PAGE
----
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February 2014

Post image for How to work now and procrastinate later

October 14th, 2019 — Researchers discover the cure for procrastination. Tens of millions of stalled projects move forward at once. The economy explodes with productivity. Everyone finally learns Spanish and joins Crossfit. Publishers become inundated with manuscripts of brilliant novels. Facebook’s share price plummets. Humanity is saved.

Of all the topics I’ve written about, none created such an outpouring of “Oh my God that’s me!” emails as my experiment on procrastination. It seems like most people believe they have a particularly bad problem with procrastination. If a cure were introduced into the population, the release of pent-up personal energy might be more than the world could withstand. Imagine the shock wave of organized closets and used copies of War and Peace.

So I post this knowing there is a risk of bringing on a productivity apocalypse.

The experiment itself was actually disastrous. It peaked about twenty-four hours in. After what turned out to be a single day of ideal productivity, things began to point downhill, and my problem got steadily worse. My thirty-day campaign of improvement turned into a four-month debacle. It went so perfectly wrong, my progress report is hilarious to read.

Readers have been asking where I finally ended up with my procrastination issue. Ironically, once the experiment spat me out, I immediately began to improve. I had so thoroughly immersed myself in my bad habits that they became conspicuous to me whenever I was doing them, and today I’m about eighty times better.

During the experiment, and in the three years since, I’ve tried all kinds of things to overcome procrastination. Most of my strategies didn’t work, but some absolutely did and still do. In my experience, here’s what works.  Read More

Post image for Keep your doing and your deciding away from each other

There’s something liberating about being told what to do. It lets you focus on the doing.

This is another one of those countless truths that I sensed but never articulated until a real-life example made it clear.

Historically, my relationship to the fitness “wagon” has been spotty. Many times in my adult life, I strung together a stretch of regular workouts for a couple of months, and made progress, but it always felt like I was close to falling off.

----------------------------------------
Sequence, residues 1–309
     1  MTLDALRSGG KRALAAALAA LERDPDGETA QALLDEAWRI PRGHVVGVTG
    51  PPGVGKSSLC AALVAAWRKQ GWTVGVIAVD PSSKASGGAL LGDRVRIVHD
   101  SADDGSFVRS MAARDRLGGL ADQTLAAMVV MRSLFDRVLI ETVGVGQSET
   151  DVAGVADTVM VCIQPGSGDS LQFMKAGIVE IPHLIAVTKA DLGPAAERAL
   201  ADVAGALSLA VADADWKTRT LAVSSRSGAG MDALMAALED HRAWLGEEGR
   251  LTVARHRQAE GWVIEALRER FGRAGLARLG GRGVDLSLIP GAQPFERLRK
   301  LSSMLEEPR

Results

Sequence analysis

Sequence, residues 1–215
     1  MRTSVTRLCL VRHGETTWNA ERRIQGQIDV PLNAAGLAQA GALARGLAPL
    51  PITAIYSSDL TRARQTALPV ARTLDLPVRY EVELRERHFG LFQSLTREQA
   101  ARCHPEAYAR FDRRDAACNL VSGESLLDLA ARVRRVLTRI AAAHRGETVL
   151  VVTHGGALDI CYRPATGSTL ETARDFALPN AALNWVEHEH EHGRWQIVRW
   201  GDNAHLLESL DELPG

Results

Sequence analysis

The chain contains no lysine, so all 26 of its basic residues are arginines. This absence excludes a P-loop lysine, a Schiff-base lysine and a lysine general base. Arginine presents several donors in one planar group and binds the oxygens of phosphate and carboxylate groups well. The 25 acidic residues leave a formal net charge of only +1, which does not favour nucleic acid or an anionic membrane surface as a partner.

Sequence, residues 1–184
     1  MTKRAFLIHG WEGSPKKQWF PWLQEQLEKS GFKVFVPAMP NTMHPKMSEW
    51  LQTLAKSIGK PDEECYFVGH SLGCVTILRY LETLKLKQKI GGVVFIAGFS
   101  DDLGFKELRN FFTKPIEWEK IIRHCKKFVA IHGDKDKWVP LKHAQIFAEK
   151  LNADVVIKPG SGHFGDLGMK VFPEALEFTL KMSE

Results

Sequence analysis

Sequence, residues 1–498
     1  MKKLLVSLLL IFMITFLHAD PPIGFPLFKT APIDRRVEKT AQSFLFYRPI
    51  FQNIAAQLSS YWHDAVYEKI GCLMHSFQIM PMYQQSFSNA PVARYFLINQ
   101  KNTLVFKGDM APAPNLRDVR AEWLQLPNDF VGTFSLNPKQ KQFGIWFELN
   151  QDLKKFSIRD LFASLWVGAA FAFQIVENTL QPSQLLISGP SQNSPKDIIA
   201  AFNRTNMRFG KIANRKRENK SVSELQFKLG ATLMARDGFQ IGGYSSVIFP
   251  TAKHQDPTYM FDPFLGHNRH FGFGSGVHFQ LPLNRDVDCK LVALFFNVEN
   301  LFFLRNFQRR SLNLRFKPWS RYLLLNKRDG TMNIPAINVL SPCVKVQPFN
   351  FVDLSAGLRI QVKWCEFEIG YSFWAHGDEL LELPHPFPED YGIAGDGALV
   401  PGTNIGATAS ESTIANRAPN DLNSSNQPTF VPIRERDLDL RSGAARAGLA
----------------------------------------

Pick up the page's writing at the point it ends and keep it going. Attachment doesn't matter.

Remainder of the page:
It was always the same thing that unseated me. I would begin to doubt whether my chosen regimen was sensible, and that made it hard to throw myself into it physically. I’d wonder whether I was doing too little and not really getting anywhere, or the opposite — setting the pace so high that I would inevitably start compromising. At some point, I’d always begin to wonder whether I should make an adjustment to my targets or my number of sets or rest times or something. Soon it would be impossible to stick to the program, because I no longer know what the program was.

Until recently, the intermittence of my workout habits was never a big problem because my job had been physical enough to keep me in shape. Now I work from home, which can become an extremely sedentary lifestyle if you don’t deliberately include daily physical activity. I went from walking miles a day, with equipment on my shoulder, to a twenty-five-foot indoor commute.

For the first time, I’m doing a regular workout that I don’t have to fight myself over. I have almost no resistance to it. My success has something to do with the fact that this time I’m taking orders from a computer program.

Going with the principle of “The best workout is the one you can stick to,” I decided to begin with the arbitrary but attractive goal of a hundred pushups in one session, using a much-downloaded “100 pushups” app on my phone. You start with an initial test, type in your results, and then it prescribes how many reps to do each set, and counts the rest time down for you. It charts your progress in a graph.

It’s not high fitness science and I understand that. I’m fully aware there may be better programs, but any doubt in my regimen is trumped by the undeniable fact that it is working — my reps-per-day graph is snaking steadily upward, I’m looking and feeling better, and I’m never tempted to miss a workout. I’ve never experienced this kind of consistency and confidence in my workout routine. Now that I’ve established this consistency I can scale up the volume. I’m going to start doing kettlebell squats in the same way.

The doubt that normally sinks my fitness efforts is absent this time because it’s always clear what to do. Press the “Begin” button. Shoot for the targets it tells you. Keep your form good. Enter your results. Repeat the workout if you have to. The wondering is gone, and that removes a certain shakiness from my muscles.  Read More

Post image for My new book, out today

Today I’m releasing a new little book, called On Becoming an Individual (or HOW TO SAVE THE WORLD). It’s all original content, including photographs and mini-essays.

The theme is living a life on your own terms in a world that encourages you to be anything but a free individual.

It’s available free to Raptitude readers who subscribe by email. I’m changing email service providers this week (because the old standard, Feedburner, has been bought and basically abandoned by Google) and so old readers might notice a slight difference in format.  Read More

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